And remember that if the long bond yields goes back up to 5-6%, a lot of pension problems quickly get resolved as liabilities shrink with a rising yield.

#42 Tony on 12.27.10 at 9:24 am

I don’t see higher rates, i see an implosion in commodity prices and sharply falling rates in America by May 2011 at the latest. Canada’s rates should drift lower with the lower American rates.

#43 Aussie Roy on 12.27.10 at 9:41 am

Vancouver now Canada’s gang capital, public safety minister says ‘Gangcouver’

FAMILY INCOME IN VANCOUVER

Family Type Median Family Income

2000 2005

Non-immigrant
$78,203 $80,127
Immigrant
$60,316 $59,761
Difference
$17,887 $20,366
Source: Statistics Canada. 2008

http://www.canadaimmigrants.com/Vancouverliving.asp

CONSUMPTION TAXES

In Vancouver, the Harmonized Sales Tax (HST) is 12%.

2009 FEDERAL INCOME TAX

Income Tax Rate

On the first $40,726 of taxable income, +
15%

On the next $40,726 of taxable income (on the portion of taxable income between $40,726 and $81,452), +
22%

On the next $44,812 of taxable income (on the portion of taxable income between $81,452 and $126,264), +
26%

Taxable income over $126,264.
29%

Source: Canada Revenue Agency. 2009.

2009 PROVINCIAL INCOME TAX

Income
Tax

Basic Personal Amount
0%

On the first $35,716 of taxable income, +
5.06%

On the next $35,717, +
7.7%

On the next $10,581, +
10.05%

On the next $17,574, +
12.29%

On the amount over $99,588
14.7%

Source: British Columbia Government. 2009

B.C. POLICE REPORTED CRIME STATISTICS 2009

Crime
Total

Homicide
118

Serious Assault
9,154

Robbery
4,952

Total Violent Crime
74,208

Total Violent Crime Rate
(per 100,000)
1,666

Source: Statistics Canada. 2010

NICE……….

#44 Ben on 12.27.10 at 9:43 am

I can find charts on housing prices, mortgage rates but I can’t find a chart on the ratio of CMHC insured mortgages. I bet that chart has an even steeper rise then a housing price chart.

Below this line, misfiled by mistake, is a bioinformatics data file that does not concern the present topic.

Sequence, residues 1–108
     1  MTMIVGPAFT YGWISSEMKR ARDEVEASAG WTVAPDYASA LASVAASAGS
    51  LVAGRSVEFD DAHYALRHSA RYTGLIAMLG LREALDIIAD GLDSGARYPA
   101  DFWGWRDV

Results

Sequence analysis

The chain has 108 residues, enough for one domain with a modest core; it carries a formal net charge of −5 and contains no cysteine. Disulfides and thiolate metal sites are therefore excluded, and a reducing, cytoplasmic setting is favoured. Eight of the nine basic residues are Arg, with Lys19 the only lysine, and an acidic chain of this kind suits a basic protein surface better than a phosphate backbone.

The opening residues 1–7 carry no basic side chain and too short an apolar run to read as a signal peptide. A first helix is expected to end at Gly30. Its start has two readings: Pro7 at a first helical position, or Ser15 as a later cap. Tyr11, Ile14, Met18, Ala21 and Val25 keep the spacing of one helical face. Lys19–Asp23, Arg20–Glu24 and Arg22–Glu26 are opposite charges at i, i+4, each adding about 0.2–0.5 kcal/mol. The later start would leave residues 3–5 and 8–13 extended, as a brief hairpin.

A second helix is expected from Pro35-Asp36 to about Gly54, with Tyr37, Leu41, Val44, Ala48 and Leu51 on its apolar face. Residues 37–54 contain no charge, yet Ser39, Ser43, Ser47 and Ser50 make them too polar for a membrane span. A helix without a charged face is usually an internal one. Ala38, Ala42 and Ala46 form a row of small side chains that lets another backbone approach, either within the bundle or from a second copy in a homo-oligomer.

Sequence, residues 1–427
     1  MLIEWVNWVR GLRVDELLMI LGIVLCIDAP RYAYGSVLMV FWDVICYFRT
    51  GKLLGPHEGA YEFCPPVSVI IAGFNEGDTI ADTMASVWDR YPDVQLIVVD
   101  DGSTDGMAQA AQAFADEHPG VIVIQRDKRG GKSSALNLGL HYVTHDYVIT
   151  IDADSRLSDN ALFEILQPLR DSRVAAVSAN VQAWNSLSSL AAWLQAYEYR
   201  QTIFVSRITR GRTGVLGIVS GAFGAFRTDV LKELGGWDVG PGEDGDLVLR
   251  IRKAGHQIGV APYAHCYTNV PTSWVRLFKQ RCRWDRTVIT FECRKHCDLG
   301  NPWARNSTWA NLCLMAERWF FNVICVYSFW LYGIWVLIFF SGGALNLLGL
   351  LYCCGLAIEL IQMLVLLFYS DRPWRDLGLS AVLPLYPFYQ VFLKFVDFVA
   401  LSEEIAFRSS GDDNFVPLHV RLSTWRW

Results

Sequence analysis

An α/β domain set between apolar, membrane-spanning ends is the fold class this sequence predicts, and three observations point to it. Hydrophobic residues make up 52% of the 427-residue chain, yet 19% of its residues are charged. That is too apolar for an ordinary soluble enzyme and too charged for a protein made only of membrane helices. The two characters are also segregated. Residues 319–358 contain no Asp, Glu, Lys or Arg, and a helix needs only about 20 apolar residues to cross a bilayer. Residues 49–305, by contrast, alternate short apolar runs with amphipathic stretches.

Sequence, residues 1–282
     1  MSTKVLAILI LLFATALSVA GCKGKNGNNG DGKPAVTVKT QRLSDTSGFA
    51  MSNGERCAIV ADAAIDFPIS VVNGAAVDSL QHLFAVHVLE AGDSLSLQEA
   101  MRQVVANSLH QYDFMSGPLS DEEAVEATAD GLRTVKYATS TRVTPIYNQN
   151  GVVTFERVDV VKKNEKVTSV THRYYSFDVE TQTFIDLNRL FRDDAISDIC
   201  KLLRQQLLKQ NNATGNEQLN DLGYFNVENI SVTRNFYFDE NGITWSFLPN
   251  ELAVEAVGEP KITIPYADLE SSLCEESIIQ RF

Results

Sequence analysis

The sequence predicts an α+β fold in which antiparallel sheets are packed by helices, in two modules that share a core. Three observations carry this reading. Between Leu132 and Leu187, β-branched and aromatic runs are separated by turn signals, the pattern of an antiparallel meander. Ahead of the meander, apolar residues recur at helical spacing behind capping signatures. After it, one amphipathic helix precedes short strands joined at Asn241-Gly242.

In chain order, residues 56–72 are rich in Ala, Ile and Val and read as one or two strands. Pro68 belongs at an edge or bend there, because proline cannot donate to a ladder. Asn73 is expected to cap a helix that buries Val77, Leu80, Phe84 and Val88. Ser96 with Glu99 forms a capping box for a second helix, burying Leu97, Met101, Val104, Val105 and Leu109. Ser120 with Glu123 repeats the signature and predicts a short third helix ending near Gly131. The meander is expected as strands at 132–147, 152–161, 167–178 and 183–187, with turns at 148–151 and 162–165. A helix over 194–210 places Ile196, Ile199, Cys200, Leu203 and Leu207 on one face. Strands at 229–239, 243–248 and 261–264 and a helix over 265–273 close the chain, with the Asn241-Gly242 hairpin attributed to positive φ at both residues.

#45 Bullion.Bunny on 12.27.10 at 9:57 am

As always. The power to tax. — Garth

Yes, the poor taxpayer has a bottomless pocket. I remember twenty years ago when you stood up in parliament and asked “When can the Canadian tax payer expect a break?” I still remember the look on Brian Mulroney’s face as he turned his head looking at you in the back benches. Good old hand in the cookie jar Brian looked like he was going to take you out to the wood shed for a beating.
What, you think anything has changed from twenty years ago? Canadian tax payers are raped day and night. The civil service grows every year, have you seen the sunshine list of late?

http://www.stoneycreeknews.com/news/article/206458

Government is now truly unaffordable, what they are going to raise the tax rate from 75% to 90%. Why would anyone want to work at all? The tax revolt will come when the bond vigilantes say NO. Just have a look at Europe!

#46 Moneta on 12.27.10 at 10:00 am

The truth about life is that “sooner or later people get not what they want, but what they deserve”.
————
That line drives me batty because so many people do not get what they deserve.

Why do millions get to live in concentration camps while millions get to live in McMansions?

People get what they get.

#47 Moneta on 12.27.10 at 10:11 am

throwstone on 12.27.10 at 12:57 am
Garth,

I just don’t think government has any more room to tax
———
There’s plenty of room. Think of the million of households who could go from 2 to 1 car. You’ve just liberated 6K per year.

Think of all the discretionary stuff which does not currently seem discretionary due to social mores…

One woman on a tight budget told me she was so sick of all the money she constantly had to fork out for school stuff and other activities. And she blamed the stepford wives for these excesses. When these perfectionist moms run out of refi money, discretionary spending will finally dry up.

We are spending so much money on imports which end up in the dump. What a waste. Why not give it to our government instead? LOL

#48 T.O. Bubble Boy on 12.27.10 at 10:12 am

@ #9 Behavioral Finance:

Don’t forget Canada…

December 3rd: